On 9 February the government finally published its response to last year’s Taylor Review of Modern Working Practices (the Taylor review) which looked at the gig economy and how new ways of working were affecting workers’ rights.

However, the response doesn’t suggest any immediate or radical changes. There will now be a period of further consultation about possible changes to the law lasting until May/June this year.

In general, the government proposes measures to increase workers’ rights, educate the public about those rights and take more action against employers who breach those rights, including:

  • day-one rights for all workers, including casual and zero-hours workers, an itemised payslip and the right to request a “more stable” contract;
  • providing clearer financial information to agency workers;
  • developing an online tool to determine employment status;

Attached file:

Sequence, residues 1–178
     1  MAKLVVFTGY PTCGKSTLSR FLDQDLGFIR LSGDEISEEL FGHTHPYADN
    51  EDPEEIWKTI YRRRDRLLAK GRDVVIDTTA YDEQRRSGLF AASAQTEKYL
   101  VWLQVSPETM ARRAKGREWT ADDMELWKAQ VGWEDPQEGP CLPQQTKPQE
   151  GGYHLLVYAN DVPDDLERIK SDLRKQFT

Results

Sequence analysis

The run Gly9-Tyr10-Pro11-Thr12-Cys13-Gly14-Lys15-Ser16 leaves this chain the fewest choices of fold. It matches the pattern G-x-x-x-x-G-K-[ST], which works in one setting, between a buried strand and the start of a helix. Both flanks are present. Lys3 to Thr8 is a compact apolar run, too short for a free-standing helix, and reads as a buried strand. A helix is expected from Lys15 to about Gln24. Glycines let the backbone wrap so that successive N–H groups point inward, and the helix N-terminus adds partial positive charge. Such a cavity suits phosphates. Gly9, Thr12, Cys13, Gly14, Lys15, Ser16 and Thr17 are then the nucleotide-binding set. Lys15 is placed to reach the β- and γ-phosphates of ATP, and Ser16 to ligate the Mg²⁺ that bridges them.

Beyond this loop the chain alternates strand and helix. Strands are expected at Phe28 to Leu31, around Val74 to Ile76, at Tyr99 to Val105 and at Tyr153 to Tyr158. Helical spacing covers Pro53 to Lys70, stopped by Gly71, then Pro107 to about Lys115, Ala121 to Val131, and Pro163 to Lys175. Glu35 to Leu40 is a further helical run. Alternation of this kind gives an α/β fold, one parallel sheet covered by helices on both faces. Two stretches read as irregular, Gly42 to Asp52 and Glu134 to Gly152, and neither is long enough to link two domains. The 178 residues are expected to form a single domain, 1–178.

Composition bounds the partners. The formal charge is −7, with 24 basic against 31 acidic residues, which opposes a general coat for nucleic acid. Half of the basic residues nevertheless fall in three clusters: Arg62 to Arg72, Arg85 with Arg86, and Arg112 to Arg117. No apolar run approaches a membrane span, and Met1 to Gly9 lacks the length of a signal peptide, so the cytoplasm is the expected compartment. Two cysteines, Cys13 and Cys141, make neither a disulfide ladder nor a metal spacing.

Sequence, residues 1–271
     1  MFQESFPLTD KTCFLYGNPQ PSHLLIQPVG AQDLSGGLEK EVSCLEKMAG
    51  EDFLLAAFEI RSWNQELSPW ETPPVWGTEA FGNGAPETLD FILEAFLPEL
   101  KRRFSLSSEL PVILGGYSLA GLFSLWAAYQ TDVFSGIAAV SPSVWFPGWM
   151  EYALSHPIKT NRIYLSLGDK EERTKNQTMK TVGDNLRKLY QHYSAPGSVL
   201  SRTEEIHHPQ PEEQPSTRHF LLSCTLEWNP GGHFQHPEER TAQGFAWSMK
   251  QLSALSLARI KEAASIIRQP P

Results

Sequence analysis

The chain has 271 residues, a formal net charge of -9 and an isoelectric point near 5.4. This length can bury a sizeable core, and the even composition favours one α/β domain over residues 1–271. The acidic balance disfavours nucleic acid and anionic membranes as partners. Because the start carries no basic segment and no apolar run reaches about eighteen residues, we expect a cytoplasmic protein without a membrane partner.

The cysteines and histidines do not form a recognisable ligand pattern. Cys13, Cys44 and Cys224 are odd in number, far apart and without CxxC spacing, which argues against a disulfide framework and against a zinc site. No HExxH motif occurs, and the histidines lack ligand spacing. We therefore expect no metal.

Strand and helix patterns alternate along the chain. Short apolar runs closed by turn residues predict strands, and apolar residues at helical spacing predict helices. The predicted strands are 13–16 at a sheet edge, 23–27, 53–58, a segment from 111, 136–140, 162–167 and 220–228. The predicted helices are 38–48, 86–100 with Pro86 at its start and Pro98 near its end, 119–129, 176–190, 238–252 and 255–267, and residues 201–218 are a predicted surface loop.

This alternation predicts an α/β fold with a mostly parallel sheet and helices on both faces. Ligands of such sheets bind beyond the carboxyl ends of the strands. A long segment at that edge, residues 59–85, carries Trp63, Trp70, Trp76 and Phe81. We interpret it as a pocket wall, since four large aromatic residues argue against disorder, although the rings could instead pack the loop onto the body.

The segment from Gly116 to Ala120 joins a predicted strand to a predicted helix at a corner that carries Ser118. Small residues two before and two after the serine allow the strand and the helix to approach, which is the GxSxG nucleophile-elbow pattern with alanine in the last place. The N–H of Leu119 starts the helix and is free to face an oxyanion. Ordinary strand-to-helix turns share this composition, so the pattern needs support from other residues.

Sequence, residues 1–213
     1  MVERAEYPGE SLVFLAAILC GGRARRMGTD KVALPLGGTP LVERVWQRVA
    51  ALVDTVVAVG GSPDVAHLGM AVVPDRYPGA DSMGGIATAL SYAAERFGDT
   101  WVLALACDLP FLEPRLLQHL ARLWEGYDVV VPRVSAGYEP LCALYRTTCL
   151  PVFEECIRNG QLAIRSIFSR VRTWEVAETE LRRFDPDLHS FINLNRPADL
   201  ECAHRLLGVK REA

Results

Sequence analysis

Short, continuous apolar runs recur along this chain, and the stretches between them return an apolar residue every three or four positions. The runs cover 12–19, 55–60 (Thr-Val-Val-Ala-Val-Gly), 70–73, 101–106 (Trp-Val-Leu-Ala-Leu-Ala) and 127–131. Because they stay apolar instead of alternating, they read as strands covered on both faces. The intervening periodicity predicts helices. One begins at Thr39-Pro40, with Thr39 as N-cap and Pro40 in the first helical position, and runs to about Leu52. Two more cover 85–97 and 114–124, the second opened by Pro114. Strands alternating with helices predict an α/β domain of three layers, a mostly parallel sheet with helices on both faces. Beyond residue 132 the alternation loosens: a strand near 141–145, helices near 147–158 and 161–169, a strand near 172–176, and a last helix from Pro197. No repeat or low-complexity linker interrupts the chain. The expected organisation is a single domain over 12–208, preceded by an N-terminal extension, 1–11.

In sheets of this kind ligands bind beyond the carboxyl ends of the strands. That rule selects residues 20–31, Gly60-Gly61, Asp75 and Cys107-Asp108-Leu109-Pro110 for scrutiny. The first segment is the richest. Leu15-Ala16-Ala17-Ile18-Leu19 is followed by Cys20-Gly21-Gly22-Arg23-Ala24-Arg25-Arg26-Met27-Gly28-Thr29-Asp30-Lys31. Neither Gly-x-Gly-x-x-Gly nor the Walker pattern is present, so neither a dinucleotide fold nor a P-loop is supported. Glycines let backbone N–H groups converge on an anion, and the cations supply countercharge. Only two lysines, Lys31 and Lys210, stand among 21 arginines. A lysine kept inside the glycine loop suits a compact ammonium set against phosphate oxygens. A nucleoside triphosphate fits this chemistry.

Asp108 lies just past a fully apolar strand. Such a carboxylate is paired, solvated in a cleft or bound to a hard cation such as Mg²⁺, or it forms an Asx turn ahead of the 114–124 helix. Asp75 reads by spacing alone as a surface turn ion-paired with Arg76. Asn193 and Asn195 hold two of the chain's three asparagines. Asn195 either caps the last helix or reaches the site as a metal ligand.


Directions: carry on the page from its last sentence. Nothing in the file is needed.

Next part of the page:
• reviewing the redundancy legislation in relation to pregnancy and maternity; and
  • introducing tougher enforcement measures and penalties for employers who breach existing employment protections.

Employment status

Given all the well publicised litigation regarding workers in the gig economy, perhaps the most widely anticipated changes suggested in the Taylor review are in relation to employment status.

In its response, the government has acknowledged it should be easier for individuals and businesses to determine whether someone is an employee, a worker, or self-employed, and that it is committed to improving clarity and certainty in this area. However, the changes proposed in the Taylor review require significant changes to the law and this will require further consultation and examination if they are to be successful.

The government has said it will,

“explore the best way to improve clarity for those on the boundary between employment and self employment, including options for legislative reform.”

In other words, “watch this space” – but don’t hold your breath!


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